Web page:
Social Movements – A diversity of tactics, a paucity of participants

Ward Churchill, Peter Gelderloos and others have argued that the option of using violence needs to be available to movements fighting entrenched power, even alongside mass participation in nonviolent tactics like occupations and strikes. “Why tie our hands behind our backs?” they ask. Occasions may arise, they insist, when repressive police and military violence require that the movement be ready to defend itself with specific and strategic violence. I’ve publicly debated Ward Churchill on these questions, and I agree they deserve careful thought.

I see them as important questions during a stage of mass political and economic noncooperation in a movement — stage four in my five-stage framework. But I’ve also argued that violent tactics have little merit when a movement is still relatively small, in stage three, which I call “confrontation.” That’s the stage when movements are able to mount demonstrations of thousands, but not hundreds of thousands. Because stage four is far more massive than stage three, it can use tactics like large-scale strikes and prolonged occupations.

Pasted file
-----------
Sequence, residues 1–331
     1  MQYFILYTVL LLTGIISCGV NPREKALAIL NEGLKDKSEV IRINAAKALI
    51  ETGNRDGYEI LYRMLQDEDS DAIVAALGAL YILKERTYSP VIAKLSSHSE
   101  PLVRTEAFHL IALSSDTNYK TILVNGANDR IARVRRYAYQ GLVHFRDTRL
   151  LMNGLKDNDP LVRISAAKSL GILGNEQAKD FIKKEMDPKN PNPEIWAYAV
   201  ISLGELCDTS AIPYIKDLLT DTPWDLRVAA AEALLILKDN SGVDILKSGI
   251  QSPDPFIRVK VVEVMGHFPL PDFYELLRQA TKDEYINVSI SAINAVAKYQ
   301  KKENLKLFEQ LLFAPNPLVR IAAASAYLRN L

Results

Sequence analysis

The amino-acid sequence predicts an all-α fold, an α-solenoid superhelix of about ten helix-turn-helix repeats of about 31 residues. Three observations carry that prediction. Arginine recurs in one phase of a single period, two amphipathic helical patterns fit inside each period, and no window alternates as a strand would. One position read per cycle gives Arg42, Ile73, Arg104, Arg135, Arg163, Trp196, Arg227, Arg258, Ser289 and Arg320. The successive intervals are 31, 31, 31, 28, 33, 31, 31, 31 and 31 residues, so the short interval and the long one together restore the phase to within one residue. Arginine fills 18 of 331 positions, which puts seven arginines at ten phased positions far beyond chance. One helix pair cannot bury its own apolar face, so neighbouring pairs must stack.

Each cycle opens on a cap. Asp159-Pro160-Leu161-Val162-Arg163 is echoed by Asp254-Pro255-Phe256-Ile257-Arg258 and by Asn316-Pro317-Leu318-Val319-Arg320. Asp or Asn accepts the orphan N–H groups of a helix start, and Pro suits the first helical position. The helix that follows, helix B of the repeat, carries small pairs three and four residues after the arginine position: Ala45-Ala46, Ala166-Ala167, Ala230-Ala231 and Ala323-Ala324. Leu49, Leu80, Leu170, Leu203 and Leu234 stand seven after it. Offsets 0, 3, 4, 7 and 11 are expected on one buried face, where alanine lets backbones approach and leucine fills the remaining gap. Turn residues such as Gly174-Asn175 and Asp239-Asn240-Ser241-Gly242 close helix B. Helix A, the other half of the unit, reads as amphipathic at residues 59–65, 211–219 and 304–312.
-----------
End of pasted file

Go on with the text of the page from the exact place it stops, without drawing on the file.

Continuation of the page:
About Giorgio Bertini

Research Professor. Founder Director at Learning Change Project - Research on society, culture, art, neuroscience, cognition, critical thinking, intelligence, creativity, autopoiesis, self-organization, rhizomes, complexity, systems, networks, leadership, sustainability, thinkers, futures ++
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